Stressing this year’s theme of accountability, senior officials from across
the United Nations system have marked World AIDS Day with calls for
international leaders to maintain recent momentum and make good on their
promises to ensure greater access to treatment, prevention and support.
“The latest global AIDS figures give us reason for concern and for some
hope,” said Peter Piot, Executive Director of the Joint United Nations
Programme on HIV/AIDS, (UNAIDS), in one of a series of messages today by
the heads of UN organs and agencies.
Almost 40 million people live with HIV and another 4.3 million will be
infected this year, while at least 25 million others have died from
AIDS-related diseases in the 25 years since the first case was reported.
The pandemic is now the leading cause of death among both men and women
aged between 15 and 59.
Yet the number of countries providing antiretroviral (ARV) treatment to
sufferers and the breadth of access to HIV testing, counselling services
and health care have also continued to expand, including in sub-Saharan
Africa, the region hardest hit by AIDS.
“However, we must increase the scale and impact of HIV prevention
activities, including those directed at the drivers of the epidemic,” Dr.
Piot said. “New data show that HIV prevention programmes have better
results if focused on reaching people most at risk and adapted to changing
General Assembly President Sheikha Haya Rashed Al Khalifa said the theme of
accountability applied to everyone, from world leaders who have previously
vowed to improve reproductive health care services and information,
particularly for women, to individuals who can help establish healthy
behaviour when their children are young.
“The challenge for all of us is to make good on our commitments and work in
closer partnership towards our common goal. Civil society, NGOs
[non-governmental organizations], the media, private sector and faith
groups have an important role in promoting public awareness and holding
leaders to account for their promises,” she said.
Anders Nordström, Acting Director-General of the UN World Health
Organization (WHO), said the international community had reached “a
critical juncture” and needed to become smarter and more adaptable as it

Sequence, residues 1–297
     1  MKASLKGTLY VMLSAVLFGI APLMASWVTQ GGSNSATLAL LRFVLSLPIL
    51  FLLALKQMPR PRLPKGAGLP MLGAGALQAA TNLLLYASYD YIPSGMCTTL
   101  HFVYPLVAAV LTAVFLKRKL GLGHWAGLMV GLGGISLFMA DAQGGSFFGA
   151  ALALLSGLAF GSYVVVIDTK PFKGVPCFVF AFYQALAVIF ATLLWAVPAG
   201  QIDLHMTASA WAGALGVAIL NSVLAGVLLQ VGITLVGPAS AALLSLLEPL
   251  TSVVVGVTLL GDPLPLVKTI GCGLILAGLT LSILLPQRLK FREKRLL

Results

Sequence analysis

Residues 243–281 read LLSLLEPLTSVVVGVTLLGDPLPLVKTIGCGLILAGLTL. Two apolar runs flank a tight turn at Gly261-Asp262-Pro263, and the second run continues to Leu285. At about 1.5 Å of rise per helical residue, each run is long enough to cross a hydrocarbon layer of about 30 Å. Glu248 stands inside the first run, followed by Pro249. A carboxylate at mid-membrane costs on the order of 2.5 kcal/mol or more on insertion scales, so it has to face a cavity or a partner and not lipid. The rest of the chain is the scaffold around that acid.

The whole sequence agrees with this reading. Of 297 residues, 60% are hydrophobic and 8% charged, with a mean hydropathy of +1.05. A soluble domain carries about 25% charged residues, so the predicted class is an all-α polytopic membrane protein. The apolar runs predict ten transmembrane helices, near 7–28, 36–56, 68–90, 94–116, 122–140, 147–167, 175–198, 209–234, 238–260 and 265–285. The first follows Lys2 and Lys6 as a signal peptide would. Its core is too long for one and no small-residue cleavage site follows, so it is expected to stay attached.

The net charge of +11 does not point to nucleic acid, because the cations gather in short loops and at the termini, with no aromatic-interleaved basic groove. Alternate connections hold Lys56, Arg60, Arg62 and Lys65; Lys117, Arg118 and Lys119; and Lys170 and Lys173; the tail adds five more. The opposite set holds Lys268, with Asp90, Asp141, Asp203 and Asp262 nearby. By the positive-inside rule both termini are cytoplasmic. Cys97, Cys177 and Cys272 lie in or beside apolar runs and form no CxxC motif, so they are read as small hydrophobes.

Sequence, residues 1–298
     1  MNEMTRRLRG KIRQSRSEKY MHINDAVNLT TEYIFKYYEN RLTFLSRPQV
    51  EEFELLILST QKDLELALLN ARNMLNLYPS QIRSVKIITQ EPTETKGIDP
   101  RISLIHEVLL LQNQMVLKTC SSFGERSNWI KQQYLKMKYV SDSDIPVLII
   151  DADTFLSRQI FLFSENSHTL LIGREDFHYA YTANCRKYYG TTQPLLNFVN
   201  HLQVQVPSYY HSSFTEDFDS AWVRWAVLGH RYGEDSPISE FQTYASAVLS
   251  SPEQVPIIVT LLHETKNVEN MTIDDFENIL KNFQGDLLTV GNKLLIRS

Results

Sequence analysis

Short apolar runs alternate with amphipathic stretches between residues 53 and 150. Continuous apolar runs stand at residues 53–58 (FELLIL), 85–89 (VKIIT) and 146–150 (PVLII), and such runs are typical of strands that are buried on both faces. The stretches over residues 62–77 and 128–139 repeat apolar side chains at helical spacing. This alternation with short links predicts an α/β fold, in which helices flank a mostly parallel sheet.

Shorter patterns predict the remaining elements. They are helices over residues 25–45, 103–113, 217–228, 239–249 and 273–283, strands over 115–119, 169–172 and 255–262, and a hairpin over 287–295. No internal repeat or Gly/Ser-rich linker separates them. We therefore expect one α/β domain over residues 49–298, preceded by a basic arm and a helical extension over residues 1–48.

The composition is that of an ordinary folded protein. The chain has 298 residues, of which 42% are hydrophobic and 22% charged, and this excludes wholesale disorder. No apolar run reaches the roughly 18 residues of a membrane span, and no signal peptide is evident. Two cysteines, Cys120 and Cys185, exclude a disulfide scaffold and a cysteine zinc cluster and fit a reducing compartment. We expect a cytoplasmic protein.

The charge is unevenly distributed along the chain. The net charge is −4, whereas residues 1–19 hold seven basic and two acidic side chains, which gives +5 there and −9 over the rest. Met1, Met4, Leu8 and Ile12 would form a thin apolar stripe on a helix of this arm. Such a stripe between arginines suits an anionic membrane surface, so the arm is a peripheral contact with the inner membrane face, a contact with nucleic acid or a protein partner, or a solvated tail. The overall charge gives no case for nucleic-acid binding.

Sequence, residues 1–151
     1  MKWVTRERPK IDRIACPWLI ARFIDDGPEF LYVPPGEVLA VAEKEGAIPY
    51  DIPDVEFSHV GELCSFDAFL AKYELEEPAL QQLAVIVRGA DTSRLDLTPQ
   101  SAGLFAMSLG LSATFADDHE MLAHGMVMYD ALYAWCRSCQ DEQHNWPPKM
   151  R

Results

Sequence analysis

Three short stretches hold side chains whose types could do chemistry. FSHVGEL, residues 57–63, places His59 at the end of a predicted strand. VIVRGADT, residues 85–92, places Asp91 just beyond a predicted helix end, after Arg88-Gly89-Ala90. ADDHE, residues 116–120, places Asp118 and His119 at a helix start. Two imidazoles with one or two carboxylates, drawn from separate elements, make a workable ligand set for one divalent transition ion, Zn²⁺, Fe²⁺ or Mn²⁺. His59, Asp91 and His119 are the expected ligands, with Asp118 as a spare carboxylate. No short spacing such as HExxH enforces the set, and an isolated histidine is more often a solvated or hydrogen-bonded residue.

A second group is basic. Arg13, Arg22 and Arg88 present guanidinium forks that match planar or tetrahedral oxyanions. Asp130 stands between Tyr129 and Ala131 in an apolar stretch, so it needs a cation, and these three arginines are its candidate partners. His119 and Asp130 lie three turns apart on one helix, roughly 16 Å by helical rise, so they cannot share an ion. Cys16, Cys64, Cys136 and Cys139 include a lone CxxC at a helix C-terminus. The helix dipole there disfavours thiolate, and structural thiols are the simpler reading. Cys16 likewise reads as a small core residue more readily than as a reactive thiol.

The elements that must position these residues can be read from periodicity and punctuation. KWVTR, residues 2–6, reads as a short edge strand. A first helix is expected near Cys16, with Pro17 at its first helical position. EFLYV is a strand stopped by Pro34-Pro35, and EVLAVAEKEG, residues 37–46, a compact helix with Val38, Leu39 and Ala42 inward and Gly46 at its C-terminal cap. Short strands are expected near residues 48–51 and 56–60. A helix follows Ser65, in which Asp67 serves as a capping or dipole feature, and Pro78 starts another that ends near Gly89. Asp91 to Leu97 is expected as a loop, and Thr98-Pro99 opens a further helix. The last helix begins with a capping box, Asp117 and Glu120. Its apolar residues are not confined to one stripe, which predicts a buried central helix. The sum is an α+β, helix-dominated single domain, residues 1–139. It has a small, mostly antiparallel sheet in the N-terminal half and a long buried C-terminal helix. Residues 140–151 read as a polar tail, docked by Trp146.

responded to HIV/AIDS.
“We have to be… aware of which approaches are successful, and flexible
enough to adapt our resources accordingly,” Dr. Nordström said. “We do not
just need ‘more.’ We need to commit to clear-sightedness about what is
working and what is not – and quickly apply that knowledge.”
Antonio Maria Costa, Executive Director of the UN Office on Drugs and Crime
(UNODC), warned against the stigmatization and marginalization of people
living with HIV/AIDS, especially women, young people, injecting drug users,
prisoners and victims of human trafficking – all groups that are
particularly vulnerable to the pandemic.
The UN Population Fund’s (UNFPA) Executive Director, Thoraya Ahmed Obaid,
saw signs of hope among the young, noting that HIV prevalence rates among
youth have fallen in several countries because of increased condom use and
other behavioural changes.
UN High Commissioner for Human Rights Louise Arbour said it was vital that
Member States are made to live up to their earlier commitments to
eventually provide universal access to comprehensive prevention programmes,
treatment, care and support by 2010.
Achim Steiner, Executive Director of the UN Environment Programme (UNEP),
said it was important to recognize that combating HIV/AIDS is linked to
resolving other key global challenges, from promoting economic development
and fighting poverty in poorer countries to encouraging gender equality to
supporting environmental sustainability.
Numerous events are being staged around the world today to draw attention
to the pandemic and to some of the ways that individuals can help to reduce
or ameliorate its impact on communities.
In New York, Drawing IT Out, an exhibition of 300 cartoons drawn by
artists, in 50 countries opened at UN Headquarters. The event is sponsored
by UNAIDS, the Brazilian Ministry of Health and the International Planned
Parenthood Federation/Western Hemisphere Region.